Remittances from North to South have been well documented, but little is known about remittances and migration between neighboring countries in Latin America.
Patricia Weiss Fagen and Micah Bump, two researchers from the Institute for the Study of International Migration (ISIM) at Georgetown University, tell the story of the poorest rural migrants, who tend to move between Latin American countries. They studied those who cannot afford to cross multiple borders to make it to the United States, even when their families pool together funds.
Migrants in their study typically cross only a single border, traveling shorter distances that are relatively easy to navigate, leading to more “circular migration”—journeying back and forth of migrants.
Weiss and Bump devoted an entire chapter to remittances between neighboring countries in their comprehensive book about the global phenomenon of remittances, Beyond Small Change , the preliminary version of which was recently published by the IDB.
The book uses case studies to illustrate common characteristics among Nicaraguans remitting from Costa Rica, Haitians remitting from the Dominican Republic, and Bolivians sending money home from Argentina. Migrant populations in these three countries come from rural areas and are poorer, and, thus, less educated and skilled, as compared to migrants in the United States. Additionally, they are not well integrated economically or legally in their host countries and face widespread racial and social discrimination at a level that is much worse than that in the United States.
The economies of the three middle-income countries of Argentina, Costa Rica and Dominican Republic are more fragile than those of developed countries, are prone to greater cyclical shifts, and have less diversified sources of wealth. According to the study, migrants at the bottom of the national income scale in these countries earn far less on average than their compatriots in the same situation in developed countries. Still, migrants' remittances are significant, in terms of both absolute income flows and support for their families in their countries of origin.
According to 2003 statistics from the IDB's Multilateral Investment Fund (MIF-IDB), intraregional remittances accounted for $1.5 billion in 2002. But since most intraregional remittances are neither tracked nor registered, that number omits transfers that migrants bring and send by non-formal means. For instance, more than 90 percent of Haitian migrants either rely on friends or carry money and goods home on their own, according to a national survey on the Haitian population in the Dominican Republic, conducted by the International Organization for Migration and FLACSO (acronym in Spanish for Facultad Latinoamericana de Ciencias Sociales).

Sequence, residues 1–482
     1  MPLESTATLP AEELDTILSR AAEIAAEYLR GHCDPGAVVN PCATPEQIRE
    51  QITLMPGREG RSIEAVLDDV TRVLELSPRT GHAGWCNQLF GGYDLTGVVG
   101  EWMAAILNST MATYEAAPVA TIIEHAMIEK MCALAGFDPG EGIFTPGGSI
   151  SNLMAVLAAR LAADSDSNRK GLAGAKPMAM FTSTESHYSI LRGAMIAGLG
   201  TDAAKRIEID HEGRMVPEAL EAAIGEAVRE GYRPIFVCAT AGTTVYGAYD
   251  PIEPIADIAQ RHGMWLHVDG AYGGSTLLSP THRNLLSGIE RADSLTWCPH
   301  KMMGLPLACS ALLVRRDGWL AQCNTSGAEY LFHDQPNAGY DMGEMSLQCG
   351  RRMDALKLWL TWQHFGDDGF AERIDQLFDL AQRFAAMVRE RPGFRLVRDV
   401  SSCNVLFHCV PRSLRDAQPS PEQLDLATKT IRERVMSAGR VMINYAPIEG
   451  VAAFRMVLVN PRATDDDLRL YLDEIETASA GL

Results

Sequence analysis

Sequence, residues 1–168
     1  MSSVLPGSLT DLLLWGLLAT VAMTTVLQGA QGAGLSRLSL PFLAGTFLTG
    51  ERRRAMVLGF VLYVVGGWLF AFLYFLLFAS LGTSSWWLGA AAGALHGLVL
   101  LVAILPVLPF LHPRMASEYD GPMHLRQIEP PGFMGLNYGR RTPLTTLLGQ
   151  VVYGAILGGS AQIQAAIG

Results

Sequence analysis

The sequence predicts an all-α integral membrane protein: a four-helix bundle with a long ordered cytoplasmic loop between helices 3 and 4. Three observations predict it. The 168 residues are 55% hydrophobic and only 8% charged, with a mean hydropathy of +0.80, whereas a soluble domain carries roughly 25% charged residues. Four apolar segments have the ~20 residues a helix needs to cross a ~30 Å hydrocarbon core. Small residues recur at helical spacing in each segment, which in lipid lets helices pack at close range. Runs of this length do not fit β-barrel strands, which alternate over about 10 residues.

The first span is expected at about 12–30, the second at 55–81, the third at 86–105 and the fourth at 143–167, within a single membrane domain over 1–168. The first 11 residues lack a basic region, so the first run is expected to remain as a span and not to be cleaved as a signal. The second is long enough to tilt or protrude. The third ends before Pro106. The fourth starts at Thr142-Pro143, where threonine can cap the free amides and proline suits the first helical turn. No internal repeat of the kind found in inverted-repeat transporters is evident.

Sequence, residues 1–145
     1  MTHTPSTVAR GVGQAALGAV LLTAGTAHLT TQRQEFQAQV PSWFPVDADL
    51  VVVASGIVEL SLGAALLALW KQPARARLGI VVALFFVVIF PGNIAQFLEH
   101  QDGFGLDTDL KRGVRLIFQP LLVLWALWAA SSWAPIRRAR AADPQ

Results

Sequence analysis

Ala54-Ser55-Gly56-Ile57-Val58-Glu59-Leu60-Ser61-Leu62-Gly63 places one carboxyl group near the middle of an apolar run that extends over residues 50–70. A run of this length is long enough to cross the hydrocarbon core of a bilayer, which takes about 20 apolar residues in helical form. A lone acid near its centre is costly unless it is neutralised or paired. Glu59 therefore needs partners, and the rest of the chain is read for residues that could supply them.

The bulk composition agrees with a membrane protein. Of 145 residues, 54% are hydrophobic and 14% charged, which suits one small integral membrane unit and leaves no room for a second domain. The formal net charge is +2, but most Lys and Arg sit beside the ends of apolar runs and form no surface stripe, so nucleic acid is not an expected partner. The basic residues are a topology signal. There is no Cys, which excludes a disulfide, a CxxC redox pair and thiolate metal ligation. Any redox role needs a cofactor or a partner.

Migrants in all three middle-income countries send about 50 percent or more of their earnings home every month, according to the study. That leaves them with little money to spend in their host countries' economies. For many of the migrants interviewed in the study, “relieving poverty at home means living in poverty across the border.”
Not only that. The category of remittances is a broader one than in the United States: most of the informal carries transport merchandise, food and even people along with money to bordering countries. The study pointed out that migrants' tendency to live and work in groups from the same region increases collective support and facilitates informal remittance transfers.
Because intraregional migrants have rural backgrounds, they tend to be less trustful and they have less experience with formal financial institutions than their counterparts in the North. Plus, many Nicaraguans, Haitians and Bolivians lack documentation in both their own and host countries. So even if financial services are available, they are often unable to use them.
According to the study, migrants interviewed in all three counties were unanimous in their disdain for their own governments, and in their rejection of any government involvement in remittance-transfer activity. Nevertheless, there is an important role for countries of origin to help.
Governments can add their weight in favor of human rights protections for their citizens, and can help migrants obtain personal documentation and establish formal identity in their host countries. Host country governments, Weiss Fagen and Bump concluded, “must also do much more to protect the human beings whose labor they acknowledge to be essential to their economies.”
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